The federal government recently issued at least 10,000 open work permits for caregivers from other countries, CBC News has learned.
The permits allow the caregivers to continue to work in Canada, without being tied to the family that sponsored them to come here. Many caregivers have complained about alleged mistreatment, long hours for little pay and poor work conditions.
Granting an open work permit allows caregivers to leave sponsoring employers without losing their permission to be in the country.
Advocates for foreign caregivers in Canada said the government's move is unprecedented.
Early Christmas for caregivers
Manuela Gruber Hersch, president of the Association of Caregiver and Nanny Agencies of Canada, said it's an early Christmas present for caregivers.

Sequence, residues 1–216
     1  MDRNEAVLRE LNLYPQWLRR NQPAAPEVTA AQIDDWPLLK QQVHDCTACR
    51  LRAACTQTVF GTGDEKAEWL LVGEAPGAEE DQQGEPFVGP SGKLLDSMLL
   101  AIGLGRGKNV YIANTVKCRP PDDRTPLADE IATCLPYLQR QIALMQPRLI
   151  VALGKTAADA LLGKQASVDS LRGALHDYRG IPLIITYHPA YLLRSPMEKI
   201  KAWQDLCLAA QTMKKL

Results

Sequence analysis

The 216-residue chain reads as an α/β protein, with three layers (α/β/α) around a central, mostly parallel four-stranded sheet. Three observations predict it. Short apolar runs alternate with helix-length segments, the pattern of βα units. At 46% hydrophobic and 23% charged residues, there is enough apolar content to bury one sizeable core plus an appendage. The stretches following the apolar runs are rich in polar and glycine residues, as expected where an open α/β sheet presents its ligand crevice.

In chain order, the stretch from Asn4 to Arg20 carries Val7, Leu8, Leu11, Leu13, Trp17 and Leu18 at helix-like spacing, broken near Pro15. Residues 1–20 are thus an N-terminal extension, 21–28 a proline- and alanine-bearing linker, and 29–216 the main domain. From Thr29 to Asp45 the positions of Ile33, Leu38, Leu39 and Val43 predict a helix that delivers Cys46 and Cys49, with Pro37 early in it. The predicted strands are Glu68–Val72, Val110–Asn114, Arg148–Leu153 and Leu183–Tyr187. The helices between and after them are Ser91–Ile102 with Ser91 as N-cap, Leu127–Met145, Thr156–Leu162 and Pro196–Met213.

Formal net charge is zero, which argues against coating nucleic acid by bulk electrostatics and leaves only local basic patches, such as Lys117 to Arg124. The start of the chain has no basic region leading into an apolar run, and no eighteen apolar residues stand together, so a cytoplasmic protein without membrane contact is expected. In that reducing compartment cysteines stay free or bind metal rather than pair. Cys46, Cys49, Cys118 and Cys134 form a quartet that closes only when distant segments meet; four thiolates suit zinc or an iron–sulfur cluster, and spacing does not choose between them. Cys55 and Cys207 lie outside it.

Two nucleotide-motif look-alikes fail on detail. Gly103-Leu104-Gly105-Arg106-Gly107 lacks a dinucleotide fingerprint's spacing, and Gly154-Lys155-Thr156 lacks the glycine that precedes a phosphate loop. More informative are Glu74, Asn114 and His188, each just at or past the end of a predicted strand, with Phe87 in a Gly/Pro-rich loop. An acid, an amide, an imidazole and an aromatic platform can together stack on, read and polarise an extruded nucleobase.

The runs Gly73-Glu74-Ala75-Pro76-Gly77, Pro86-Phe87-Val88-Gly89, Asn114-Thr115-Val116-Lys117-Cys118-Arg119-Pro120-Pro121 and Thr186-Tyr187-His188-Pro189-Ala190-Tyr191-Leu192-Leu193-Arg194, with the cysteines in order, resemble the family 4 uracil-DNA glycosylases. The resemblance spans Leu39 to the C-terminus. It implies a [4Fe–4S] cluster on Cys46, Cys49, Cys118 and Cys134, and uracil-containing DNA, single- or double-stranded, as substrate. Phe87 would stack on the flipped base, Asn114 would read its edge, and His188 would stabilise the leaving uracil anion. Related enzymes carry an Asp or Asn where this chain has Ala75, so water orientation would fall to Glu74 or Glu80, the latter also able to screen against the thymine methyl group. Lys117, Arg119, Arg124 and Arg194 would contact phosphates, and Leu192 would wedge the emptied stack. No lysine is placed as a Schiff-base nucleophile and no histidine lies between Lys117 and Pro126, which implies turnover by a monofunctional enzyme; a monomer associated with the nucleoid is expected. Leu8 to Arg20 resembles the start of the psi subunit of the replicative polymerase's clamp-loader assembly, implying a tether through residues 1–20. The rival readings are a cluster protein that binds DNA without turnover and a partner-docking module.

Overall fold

"We're not 100 per cent sure what the motives are, especially in the light that there's been no announcement," she said. "We aren't sure what the government's position is or what their objective is."
Citizenship and Immigration Canada has not responded to requests for an explanation.
In past interviews, Minister Jason Kenney has said he was looking for ways to continue bringing in foreign caregivers while protecting their rights.
It's also not clear if this is a one-off or a permanent policy change.
Live-in caregivers complaining about alleged poor treatment has had at least one high-profile example in recent years: Former Brampton-Springdale MP Ruby Dhalla faced questions in 2009 over allegations she and her mother mistreated two live-in caregivers from the Philippines.
Dhalla denied the accusations, but it has been speculated that the controversy played a role in her losing her seat in the last federal election.
Recently in British Columbia, two immigrant women who had worked as live-in domestic help in the Lower Mainland said they were treated like slaves and kept in near imprisonment by their employers.